After decades supporting Australian science internationally, Nancy Pritchard says her work isn’t done yet—noting there are challenging times ahead with the region’s shifting geopolitics.
At an event this week to acknowledge Nancy’s 30th anniversary as an Australian Academy of Science staff member and her significant contributions to science, Academy President Professor Chennupati Jagadish AC said the organisation owed Nancy a debt of gratitude.
“With her deft interpersonal and diplomacy skills, Nancy has built far-reaching and productive working relations with public servants, science diplomats and international science organisations over many years,” Professor Jagadish said.
“Her tireless efforts have strengthened scientific links between Australia and the global community.
“Nancy understands better than most that science has no national boundaries, and that by continuing to work together we can make progress addressing the global problems faced by society and the planet.
“We sincerely thank Nancy for her contributions and look forward to continuing to work with her.”
Nancy began her career at the Academy in 1992. Her first role was with the Academy’s fundraising arm, the Australian Foundation for Science.
“It was during this time that the Academy secured funding to restore the Shine Dome: a $1 million donation from Professor John Shine AC FAA FRS and a $525,000 grant from the National Council for the Centenary of Federation,” Nancy said.
Nancy took on the role of managing the Academy’s international scientist exchange program in 2000.
She continues in that role today, which has expanded to include promoting Australia’s international scientific engagement and overseeing the Academy’s many awards and the work of the National Committees for Science.
The work has seen her travel to many countries to support and promote bilateral and multilateral scientific partnerships, including Mongolia, Nepal, Brazil, Indonesia, China, Japan, Malaysia, Sri Lanka, Singapore, France, England, Turkey and Vietnam.
She said Australia hosting the high-profiile ‘International Day’ for the first time at the annual Lindau Nobel Laureates Meeting in Germany in 2014 stands out in her mind.
“It was a great showcase of Australian science, cultural and educational achievements, spearheaded by three of Australia’s Nobel Laureates, to an audience of 600 young researchers from 60 countries.”
Nancy has worked under nine Academy presidents and watched the organisation grow from 18 to 70 secretariat staff.
“It has been an extremely fulfilling role in which I have made great friends. I just love what I do, particularly working with our Fellows and my secretariat colleagues who are amazing people and are all passionate about the mission. That rubs off on you,” Nancy said.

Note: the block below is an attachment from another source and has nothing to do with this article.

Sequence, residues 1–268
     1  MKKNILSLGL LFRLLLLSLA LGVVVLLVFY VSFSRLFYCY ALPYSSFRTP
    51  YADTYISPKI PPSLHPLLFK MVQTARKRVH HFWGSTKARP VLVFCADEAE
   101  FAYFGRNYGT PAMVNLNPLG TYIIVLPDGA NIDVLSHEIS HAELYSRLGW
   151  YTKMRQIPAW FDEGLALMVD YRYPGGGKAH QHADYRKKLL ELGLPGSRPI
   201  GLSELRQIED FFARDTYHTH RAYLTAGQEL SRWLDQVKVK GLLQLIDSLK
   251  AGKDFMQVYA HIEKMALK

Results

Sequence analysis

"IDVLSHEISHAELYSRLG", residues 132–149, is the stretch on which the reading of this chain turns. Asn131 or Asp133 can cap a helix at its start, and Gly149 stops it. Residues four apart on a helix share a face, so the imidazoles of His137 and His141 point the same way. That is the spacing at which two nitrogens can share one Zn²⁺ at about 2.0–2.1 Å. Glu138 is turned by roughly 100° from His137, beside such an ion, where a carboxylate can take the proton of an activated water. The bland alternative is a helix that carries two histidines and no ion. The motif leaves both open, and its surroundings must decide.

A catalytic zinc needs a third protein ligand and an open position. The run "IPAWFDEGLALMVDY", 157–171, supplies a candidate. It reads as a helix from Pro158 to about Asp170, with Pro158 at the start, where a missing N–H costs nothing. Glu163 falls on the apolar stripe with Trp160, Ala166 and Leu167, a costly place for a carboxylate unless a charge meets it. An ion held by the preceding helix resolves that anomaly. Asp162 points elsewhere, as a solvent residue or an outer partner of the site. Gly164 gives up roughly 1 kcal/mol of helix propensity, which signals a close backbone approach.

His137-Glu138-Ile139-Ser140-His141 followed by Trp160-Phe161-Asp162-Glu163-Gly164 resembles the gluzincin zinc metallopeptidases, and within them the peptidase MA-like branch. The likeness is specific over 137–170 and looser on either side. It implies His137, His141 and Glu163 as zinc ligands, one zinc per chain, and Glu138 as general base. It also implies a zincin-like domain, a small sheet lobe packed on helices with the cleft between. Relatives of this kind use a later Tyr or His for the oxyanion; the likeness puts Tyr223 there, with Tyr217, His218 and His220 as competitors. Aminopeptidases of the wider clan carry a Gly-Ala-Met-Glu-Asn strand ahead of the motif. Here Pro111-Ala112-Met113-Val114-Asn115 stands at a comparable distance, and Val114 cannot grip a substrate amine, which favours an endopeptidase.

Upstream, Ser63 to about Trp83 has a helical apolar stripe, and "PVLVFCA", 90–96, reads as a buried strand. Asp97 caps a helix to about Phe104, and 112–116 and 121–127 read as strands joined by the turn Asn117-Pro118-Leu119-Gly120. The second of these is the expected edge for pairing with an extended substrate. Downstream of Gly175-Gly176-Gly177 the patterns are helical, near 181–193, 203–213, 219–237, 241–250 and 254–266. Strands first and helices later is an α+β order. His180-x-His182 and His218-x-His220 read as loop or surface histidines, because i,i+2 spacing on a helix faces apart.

“Just like the Fellowship, the Academy’s secretariat is now a much more diverse workplace than when I started.”
Reflecting on her time at the Academy, Nancy said the establishment of the International Science Council’s Asia-Pacific Regional Focal Point at the Academy, announced late last year, was a personal highlight.
“Another highlight has been my involvement with the Association of Academies and Societies of Sciences in Asia (AASSA) Women in STEM special committee chaired by Professor Cheryl Praeger AC FAA.
“It has been a privilege to work with outstanding women scientists from the region who have faced major challenges and made sacrifices to get to where they are now. I still stay in touch with them.”
Academy Chief Executive Anna-Maria Arabia said Nancy is a national treasure.
“The Academy and Australian science are so fortunate to have benefited from Nancy’s expertise and tireless commitment to advancing science domestically and internationally,” Ms Arabia said.
“I congratulate Nancy on this significant milestone and very much look forward to continuing to work together for many years to come.”
Looking to the future, Nancy said increasing school science education globally is a common topic of discussion at the international meetings she attends.
“More than anything, the learned academies want more school science education to happen in their respective countries.
“Our Academy does that well—through programs including Science by Doing, Primary Connections and Resolve. That is something the Academy and Australia should be proud of,” Nancy said.
“International science is also changing, in part because of the geopolitical issues facing the region. But you cannot do science without international collaboration. Continuing to build trust between researchers and scientists across the globe, as we navigate these geopolitical issues, is crucial for the future of the planet.”
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